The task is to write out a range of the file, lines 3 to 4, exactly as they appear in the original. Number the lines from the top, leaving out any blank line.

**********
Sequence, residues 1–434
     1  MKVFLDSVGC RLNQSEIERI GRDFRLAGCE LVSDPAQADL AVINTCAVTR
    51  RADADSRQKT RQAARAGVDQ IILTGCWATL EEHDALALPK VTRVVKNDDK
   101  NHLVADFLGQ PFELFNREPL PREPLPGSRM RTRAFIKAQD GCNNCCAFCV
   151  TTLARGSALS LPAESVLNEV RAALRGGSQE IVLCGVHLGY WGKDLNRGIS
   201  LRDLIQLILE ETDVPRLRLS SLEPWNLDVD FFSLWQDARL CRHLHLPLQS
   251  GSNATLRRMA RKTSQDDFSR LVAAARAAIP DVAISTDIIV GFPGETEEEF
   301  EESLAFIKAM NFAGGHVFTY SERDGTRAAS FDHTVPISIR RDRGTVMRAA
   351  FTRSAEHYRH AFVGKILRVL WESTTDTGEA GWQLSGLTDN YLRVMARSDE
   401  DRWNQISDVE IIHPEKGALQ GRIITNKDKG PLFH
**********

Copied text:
    51  RADADSRQKT RQAARAGVDQ IILTGCWATL EEHDALALPK VTRVVKNDDK
   101  NHLVADFLGQ PFELFNREPL PREPLPGSRM RTRAFIKAQD GCNNCCAFCV